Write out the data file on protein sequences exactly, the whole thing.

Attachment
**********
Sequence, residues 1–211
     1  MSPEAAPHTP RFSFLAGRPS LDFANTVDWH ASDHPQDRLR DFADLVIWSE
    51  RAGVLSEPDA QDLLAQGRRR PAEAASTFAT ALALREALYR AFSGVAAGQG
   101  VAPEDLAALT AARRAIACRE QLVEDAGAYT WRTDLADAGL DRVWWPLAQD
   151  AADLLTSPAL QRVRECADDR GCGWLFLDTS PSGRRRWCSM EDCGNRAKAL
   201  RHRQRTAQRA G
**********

Sequence, residues 1–211
     1  MSPEAAPHTP RFSFLAGRPS LDFANTVDWH ASDHPQDRLR DFADLVIWSE
    51  RAGVLSEPDA QDLLAQGRRR PAEAASTFAT ALALREALYR AFSGVAAGQG
   101  VAPEDLAALT AARRAIACRE QLVEDAGAYT WRTDLADAGL DRVWWPLAQD
   151  AADLLTSPAL QRVRECADDR GCGWLFLDTS PSGRRRWCSM EDCGNRAKAL
   201  RHRQRTAQRA G